Community pharmacy: the revolution has begun
The proposals put forward in the new community pharmacy contract require a major transition if the sector is going to reap the rewards.
Source: Shutterstock.com / JL
In recent years, an over-reliance on dispensing funding for community pharmacy has held back the sector’s development. But that could be all set to change.
In his foreword to the new community pharmacy contract, health secretary Matt Hancock promises a “fundamental shift towards clinical service delivery” and, to some degree, his words are backed up in the subsequent pages.
But there are many parts of this five-year deal — which was published on 22 July 2019 and agreed on by the Pharmaceutical Services Negotiating Committee — that may prove a difficult pill to swallow for business owners. In particular, the decision to freeze overall investment in the sector at £2.59bn until 2024, while gradually shrinking the level of funding for dispensing over time by an unspecified amount.
With inflation running at around 2% and many pharmacy contractors already operating their dispensing activity at a loss, this news may cause considerable pain. The hundreds of store closures announced by multiple pharmacy chains over the past few months may be a foreshadowing of an even greater retraction of the sector from high streets across the country — indeed, the document itself explicitly states that there are more pharmacies “than may be necessary” and says it will encourage greater consolidation.
Another attempt to change the law on hub-and-spoke dispensing may also cause controversy, and the contract’s proposal of legislative changes to “better use the skill mix in pharmacies” may set alarm bells ringing. Some of the more specific requirements buried in the small print seem slightly bizarre – such as the new incentive for community pharmacies to cut back on the volume of sugary drinks they sell.
However, the major shift in the new framework comes in the amount of funding allocated to clinical services. Over the next five years, funding will be more than doubled from around 4% of current funding to around 11% by 2024. The sector has been crying out for this decision in recent years, with multiple policy documents published by pharmacy organisations calling for a more clinical role for community pharmacy.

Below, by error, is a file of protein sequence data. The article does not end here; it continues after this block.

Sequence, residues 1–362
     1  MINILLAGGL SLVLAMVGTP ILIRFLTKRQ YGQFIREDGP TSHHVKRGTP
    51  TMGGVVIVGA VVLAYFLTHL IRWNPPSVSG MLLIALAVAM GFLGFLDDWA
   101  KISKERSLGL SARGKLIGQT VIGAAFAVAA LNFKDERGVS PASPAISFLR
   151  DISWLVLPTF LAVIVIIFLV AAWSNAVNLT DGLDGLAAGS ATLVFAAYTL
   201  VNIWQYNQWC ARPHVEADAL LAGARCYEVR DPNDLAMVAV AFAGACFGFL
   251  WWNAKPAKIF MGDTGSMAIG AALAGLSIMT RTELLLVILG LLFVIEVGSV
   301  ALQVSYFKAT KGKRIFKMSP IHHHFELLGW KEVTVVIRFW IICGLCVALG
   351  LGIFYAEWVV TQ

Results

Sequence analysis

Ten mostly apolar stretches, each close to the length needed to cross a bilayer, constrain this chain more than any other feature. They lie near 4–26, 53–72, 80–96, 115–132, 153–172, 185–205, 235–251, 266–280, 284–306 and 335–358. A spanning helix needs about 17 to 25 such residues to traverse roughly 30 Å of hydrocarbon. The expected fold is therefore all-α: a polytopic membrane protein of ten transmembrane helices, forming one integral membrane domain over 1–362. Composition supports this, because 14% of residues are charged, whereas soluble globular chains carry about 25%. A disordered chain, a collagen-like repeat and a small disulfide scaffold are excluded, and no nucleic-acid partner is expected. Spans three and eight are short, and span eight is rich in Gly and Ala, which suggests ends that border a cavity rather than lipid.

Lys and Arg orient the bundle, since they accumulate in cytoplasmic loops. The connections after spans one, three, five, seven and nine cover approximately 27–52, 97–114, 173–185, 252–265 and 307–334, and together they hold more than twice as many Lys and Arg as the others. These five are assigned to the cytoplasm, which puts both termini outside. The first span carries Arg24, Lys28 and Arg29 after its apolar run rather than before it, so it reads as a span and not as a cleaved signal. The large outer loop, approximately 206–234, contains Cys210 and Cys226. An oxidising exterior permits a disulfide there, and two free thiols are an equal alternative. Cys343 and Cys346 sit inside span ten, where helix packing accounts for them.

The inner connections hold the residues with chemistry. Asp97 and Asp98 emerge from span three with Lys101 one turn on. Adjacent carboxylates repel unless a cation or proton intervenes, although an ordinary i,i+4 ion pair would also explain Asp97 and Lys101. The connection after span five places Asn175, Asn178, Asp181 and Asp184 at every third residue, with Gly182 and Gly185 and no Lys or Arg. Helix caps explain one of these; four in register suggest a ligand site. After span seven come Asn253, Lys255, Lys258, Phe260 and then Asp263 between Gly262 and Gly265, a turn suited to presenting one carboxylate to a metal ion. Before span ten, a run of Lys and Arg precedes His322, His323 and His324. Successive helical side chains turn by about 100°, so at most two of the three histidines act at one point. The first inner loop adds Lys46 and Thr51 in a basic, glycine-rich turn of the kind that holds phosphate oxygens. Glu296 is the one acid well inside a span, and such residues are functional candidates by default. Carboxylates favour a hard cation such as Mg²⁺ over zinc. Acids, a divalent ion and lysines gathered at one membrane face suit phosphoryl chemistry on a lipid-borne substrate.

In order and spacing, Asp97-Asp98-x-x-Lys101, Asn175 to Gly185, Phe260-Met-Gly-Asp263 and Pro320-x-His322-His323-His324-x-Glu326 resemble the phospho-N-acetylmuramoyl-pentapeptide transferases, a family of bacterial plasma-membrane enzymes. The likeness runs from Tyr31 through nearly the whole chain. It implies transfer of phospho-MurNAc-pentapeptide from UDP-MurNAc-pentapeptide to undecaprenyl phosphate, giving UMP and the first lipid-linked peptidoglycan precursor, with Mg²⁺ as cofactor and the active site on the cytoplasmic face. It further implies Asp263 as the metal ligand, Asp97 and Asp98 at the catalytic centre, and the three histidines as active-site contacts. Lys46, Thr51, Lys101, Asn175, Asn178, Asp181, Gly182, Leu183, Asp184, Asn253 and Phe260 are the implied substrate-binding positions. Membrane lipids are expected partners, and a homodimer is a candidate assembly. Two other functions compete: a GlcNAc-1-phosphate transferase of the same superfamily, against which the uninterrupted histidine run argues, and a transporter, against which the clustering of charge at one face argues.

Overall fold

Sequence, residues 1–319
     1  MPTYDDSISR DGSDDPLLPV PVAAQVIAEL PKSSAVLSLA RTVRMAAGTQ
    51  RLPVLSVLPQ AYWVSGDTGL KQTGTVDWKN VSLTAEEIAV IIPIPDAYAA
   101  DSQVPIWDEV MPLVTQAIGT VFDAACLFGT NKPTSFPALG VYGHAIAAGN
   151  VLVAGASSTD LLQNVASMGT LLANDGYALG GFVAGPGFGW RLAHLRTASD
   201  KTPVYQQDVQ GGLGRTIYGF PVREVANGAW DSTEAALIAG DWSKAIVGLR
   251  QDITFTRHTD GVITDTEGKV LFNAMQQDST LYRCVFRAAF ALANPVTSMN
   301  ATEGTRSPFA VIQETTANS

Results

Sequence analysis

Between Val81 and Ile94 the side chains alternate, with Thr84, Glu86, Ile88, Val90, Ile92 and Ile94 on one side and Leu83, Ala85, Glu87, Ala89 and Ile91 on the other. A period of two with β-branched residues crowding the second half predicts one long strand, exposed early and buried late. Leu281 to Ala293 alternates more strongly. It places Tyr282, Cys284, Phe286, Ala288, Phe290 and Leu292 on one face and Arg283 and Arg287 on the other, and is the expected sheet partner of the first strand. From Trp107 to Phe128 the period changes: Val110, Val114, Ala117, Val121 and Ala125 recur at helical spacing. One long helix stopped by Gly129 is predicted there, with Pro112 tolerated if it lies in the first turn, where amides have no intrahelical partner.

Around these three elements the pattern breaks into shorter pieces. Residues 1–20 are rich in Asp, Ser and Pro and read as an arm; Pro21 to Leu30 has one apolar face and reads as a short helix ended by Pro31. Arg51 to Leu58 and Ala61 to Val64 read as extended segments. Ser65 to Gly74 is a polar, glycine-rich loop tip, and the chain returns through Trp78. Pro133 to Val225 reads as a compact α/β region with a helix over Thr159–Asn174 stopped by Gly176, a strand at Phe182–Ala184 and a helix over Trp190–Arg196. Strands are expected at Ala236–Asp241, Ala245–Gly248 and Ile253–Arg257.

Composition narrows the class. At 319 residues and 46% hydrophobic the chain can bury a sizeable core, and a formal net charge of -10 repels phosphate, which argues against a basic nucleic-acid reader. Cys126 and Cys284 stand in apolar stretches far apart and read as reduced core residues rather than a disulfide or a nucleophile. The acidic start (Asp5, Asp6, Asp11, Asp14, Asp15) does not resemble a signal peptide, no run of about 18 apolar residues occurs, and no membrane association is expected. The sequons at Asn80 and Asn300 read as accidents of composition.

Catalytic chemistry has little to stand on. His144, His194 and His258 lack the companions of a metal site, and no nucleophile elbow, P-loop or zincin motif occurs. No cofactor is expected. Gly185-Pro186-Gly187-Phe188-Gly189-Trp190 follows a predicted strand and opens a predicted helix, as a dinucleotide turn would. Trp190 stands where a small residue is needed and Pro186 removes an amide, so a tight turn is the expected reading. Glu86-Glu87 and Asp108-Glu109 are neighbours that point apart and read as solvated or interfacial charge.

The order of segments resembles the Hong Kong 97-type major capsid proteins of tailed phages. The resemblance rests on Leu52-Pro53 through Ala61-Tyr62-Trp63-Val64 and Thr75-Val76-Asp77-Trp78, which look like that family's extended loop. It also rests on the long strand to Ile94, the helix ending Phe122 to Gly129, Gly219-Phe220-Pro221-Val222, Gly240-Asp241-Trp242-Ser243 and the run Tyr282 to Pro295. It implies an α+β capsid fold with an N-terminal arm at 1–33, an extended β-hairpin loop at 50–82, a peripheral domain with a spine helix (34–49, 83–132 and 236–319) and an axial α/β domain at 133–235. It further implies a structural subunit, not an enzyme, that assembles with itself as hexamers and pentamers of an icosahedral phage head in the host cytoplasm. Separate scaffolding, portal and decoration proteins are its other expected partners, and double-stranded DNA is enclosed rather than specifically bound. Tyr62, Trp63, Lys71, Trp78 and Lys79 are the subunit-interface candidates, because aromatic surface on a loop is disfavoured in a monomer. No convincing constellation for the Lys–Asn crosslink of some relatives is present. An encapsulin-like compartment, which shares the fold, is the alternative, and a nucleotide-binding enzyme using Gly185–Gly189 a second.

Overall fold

Potentially groundbreaking in-pharmacy clinical services will undergo testing, with those deemed successful to be ‘mainstreamed’ through primary care networks
The proposals also include plans for all pharmacies to become ‘healthy living pharmacies’, meaning they will have the capacity to deliver smoking cessation and weight management interventions. They also outline plans for the new medicine service to be expanded to include further indications, while pharmacies could increasingly become the recipients of referrals for minor ailments from all corners of urgent care.
Meanwhile, potentially groundbreaking pharmacy clinical services will undergo testing, with those deemed successful to be ‘mainstreamed’ through primary care networks. The document says these may include detecting undiagnosed cardiovascular disease; routine monitoring of women taking oral contraception; and point-of-care testing for colds and flu. If some, although not all, of these services become incorporated into the everyday work of community pharmacy, it will mark a major turning point in the sector.
There are the first stirrings of a sea change here. If Hancock is to be believed, patients will increasingly be directed to their pharmacy for care and they will see a greater range of NHS services provided there. The only brake on this will be the ability of community pharmacy to incorporate new technology and efficiencies in their dispensing function, while funding is – in real terms – falling. This is in marked contrast to Wales and Scotland, where community pharmacies have received a boost in funding in order to provide more NHS services.
Much of the funding for clinical services is in the “unallocated” column of the financial breakdown in the document, which is going to prove difficult for pharmacy owners to plan for.
There is much to welcome in this contract and greater clarity on the future destination of the sector within the NHS was badly needed. Nevertheless, the transition phase for community pharmacy is going to be tough.
Citation: The Pharmaceutical Journal DOI: 10.1211/PJ.2019.20206862
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